Technical Summary

We intend to develop a computational methodology for the search of allosteric binding sites in the membrane receptors based on the cutting-edge enhanced sampling molecular dynamics combined with smart cosolvent mapping. We will address several current limitations in cosolvent mapping for the membrane proteins: probe non-specific binding, protein denaturation, limited probe sampling, and membrane distortion. We will initially develop the computational methodology of allosteric site mapping using the M2, PAR2, CCR9 and P2Y1 receptors of Class A, and the CRF1 and GCGR receptors of Class B GPCRs with the available crystal structures of a receptor-allosteric modulator complex. We will develop approaches of assessing the functional relevance of the sites that include construction of allosteric networks, druggability assessment and sequence analysis. Next, we will apply the developed protocols to predict allosteric sites of the D3, CXCR4 and PAR1 receptors. The predicted allosteric sites will be further tested in site-directed mutagenesis. In the case of PAR1, virtual screening of compound libraries followed by experimental test will be performed to further prove the computational methodology. Using the results of cosolvent mapping together with the phylogenetic analysis we will start rationalization of allosteric site location across the GPCR family.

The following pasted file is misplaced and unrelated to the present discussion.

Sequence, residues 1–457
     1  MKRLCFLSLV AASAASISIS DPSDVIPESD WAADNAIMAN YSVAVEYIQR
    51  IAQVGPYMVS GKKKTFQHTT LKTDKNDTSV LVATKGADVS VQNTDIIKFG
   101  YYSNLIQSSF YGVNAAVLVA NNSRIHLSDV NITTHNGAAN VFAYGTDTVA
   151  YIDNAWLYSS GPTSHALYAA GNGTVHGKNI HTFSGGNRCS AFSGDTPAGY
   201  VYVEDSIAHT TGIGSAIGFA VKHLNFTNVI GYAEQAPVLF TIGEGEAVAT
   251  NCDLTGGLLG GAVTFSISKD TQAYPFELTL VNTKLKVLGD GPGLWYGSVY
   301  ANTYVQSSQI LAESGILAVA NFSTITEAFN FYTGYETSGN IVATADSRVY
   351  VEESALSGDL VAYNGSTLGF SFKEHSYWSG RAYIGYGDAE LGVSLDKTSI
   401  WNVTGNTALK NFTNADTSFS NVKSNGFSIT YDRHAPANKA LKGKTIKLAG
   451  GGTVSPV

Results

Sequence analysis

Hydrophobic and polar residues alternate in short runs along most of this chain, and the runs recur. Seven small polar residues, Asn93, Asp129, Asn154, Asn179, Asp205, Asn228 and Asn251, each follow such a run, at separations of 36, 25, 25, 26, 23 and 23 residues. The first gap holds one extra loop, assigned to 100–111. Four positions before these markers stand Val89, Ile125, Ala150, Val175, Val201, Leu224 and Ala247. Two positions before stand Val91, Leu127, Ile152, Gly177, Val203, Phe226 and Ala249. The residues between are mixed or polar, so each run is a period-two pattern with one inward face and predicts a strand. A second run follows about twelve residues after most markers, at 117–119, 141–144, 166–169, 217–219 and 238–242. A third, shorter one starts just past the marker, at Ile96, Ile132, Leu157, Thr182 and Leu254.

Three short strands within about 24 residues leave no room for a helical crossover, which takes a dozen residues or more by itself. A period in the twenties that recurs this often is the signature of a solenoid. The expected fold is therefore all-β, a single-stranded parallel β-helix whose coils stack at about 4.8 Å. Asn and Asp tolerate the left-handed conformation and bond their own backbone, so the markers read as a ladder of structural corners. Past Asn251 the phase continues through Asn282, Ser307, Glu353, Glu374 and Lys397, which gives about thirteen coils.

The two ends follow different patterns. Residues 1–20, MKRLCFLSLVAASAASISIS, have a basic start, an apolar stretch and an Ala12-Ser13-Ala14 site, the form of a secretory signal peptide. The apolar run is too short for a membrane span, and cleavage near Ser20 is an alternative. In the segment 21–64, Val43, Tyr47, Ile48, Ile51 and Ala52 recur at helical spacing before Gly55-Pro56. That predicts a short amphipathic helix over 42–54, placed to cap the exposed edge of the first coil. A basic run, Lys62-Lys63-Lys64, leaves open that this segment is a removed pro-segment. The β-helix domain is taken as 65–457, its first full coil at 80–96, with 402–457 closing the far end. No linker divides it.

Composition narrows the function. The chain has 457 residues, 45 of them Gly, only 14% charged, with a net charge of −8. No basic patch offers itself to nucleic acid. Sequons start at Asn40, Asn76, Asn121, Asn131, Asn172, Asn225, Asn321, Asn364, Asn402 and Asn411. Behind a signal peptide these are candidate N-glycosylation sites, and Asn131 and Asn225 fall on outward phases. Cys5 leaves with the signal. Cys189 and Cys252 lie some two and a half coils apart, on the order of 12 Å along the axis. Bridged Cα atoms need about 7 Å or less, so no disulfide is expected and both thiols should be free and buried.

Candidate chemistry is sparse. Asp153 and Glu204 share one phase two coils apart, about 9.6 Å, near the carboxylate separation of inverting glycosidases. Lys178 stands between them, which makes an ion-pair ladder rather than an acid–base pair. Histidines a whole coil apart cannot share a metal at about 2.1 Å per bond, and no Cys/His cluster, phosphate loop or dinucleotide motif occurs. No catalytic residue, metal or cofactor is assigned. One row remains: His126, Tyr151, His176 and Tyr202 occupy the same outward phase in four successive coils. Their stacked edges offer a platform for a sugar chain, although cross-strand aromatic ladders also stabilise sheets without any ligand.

Planned Impact